Keeping it in the room: health, happiness and living in Berlin
If you still change your travel money at the airport when you go on holiday, it could be costing you a lot more than you think. And on the high street, it could still be expensive, even if they tell you there are no commission charges. That’s because they change the exchange rate to make up for it: you could be losing around 13% of your money to the money changers – which really adds up when you’re changing hundreds.
Some people have started just taking their bank cash cards and credit cards with them, drawing cash out from a machine as they need it, or using them to pay in shops. That’s much better, but nearly all banks still make a charge for doing this – anything from £1.50 a time.
Another option is to use a preloaded credit card, which work by you loading them with your own currency and drawing it out when you go away. Normally these would charge fees of around 3%, but there’s a new one from WeSwap which works in a different way, and charges just 1% – and there are even ways of getting free, unlimited transfers.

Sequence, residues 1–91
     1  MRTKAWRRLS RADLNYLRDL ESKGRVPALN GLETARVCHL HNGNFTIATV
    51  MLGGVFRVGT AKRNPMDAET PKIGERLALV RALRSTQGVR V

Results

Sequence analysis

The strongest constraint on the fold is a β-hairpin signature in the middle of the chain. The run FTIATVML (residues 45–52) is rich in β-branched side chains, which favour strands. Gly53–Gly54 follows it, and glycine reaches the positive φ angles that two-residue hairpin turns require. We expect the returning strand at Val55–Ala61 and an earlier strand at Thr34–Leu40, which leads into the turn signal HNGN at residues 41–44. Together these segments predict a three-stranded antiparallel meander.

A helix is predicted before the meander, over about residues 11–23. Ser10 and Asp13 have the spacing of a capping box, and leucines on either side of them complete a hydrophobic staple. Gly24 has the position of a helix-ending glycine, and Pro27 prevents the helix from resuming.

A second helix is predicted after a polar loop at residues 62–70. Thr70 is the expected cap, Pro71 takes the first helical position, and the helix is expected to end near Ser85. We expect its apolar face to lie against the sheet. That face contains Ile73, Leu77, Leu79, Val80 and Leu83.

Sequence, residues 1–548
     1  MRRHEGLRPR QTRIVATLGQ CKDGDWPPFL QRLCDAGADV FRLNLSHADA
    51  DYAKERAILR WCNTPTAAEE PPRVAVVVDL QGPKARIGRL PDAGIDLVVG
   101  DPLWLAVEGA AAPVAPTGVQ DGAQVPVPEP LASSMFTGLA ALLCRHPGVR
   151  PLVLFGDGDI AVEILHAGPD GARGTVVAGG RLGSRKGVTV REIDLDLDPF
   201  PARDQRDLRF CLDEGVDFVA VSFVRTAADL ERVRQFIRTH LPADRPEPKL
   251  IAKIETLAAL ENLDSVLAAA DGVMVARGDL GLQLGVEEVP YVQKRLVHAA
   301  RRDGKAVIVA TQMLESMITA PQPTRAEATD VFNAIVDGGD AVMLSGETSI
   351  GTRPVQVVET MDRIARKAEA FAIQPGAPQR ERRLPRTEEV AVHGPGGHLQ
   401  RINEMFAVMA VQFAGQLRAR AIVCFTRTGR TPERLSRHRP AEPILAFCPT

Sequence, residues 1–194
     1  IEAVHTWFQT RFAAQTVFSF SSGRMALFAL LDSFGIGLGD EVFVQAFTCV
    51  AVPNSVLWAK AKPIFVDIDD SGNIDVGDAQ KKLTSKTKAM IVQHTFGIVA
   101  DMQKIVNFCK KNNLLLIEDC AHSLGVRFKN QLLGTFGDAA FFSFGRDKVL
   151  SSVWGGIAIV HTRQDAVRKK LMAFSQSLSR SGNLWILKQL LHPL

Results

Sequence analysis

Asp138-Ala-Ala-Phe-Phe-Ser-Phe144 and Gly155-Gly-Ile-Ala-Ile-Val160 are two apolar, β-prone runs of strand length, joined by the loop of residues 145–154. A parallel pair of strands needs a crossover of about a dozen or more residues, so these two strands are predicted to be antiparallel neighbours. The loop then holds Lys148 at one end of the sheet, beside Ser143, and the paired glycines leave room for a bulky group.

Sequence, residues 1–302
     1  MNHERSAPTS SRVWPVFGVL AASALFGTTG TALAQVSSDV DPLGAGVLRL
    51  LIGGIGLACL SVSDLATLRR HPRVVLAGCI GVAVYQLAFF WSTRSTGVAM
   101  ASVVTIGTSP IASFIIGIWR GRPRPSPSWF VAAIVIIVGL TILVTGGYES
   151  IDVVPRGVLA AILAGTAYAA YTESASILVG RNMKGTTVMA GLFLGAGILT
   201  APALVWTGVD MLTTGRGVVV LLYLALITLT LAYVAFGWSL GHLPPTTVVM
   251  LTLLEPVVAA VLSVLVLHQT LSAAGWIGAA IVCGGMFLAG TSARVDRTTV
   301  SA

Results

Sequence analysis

The WeSwap MasterCard is loaded with cash as normal, but then you tell them using the website or app (coming soon) what currency you want to spend it in. Instead of WeSwap doing the switch, it relies on there being someone in the place you’re visiting wanting to switch to your currency.
Say you want to switch £1,000 to euros: you load your card with the pounds, and then wait while the system finds people who want to switch their euros to pounds. That might be almost instant, or it may take a little while. If you don’t want to wait, you can even request an immediate conversion (but they charge an extra 0.5% for this service).
But what if you want cash while you’re away? Most companies will charge if you use a cash machine – but WeSwap doesn’t, provided you take out more than £200 (or the equivalent) at once, no more than twice a day. That’s because they have to pay MasterCard each time you do that, so they want to try to keep costs down.
If you know people abroad, get them to sign up too, and you can swap with each other for free, forever.
Signing up is very easy – we completed the whole process five minutes. They ask for a scan or photo of the same documents you’d need to open a bank account: your passport or driving licence, and a recent bill. We tested them by giving an address in Germany as our recent bill, and they had no problem with that. In fact, they’ll happily send the card to any of 10 European countries.
You can load money onto your card easily as well: either by bank transfer, or by debit card.
Because So So Gay never accept payment in exchange for editorial, WeSwap has made a donation to the The Albert Kennedy Trust for this article.
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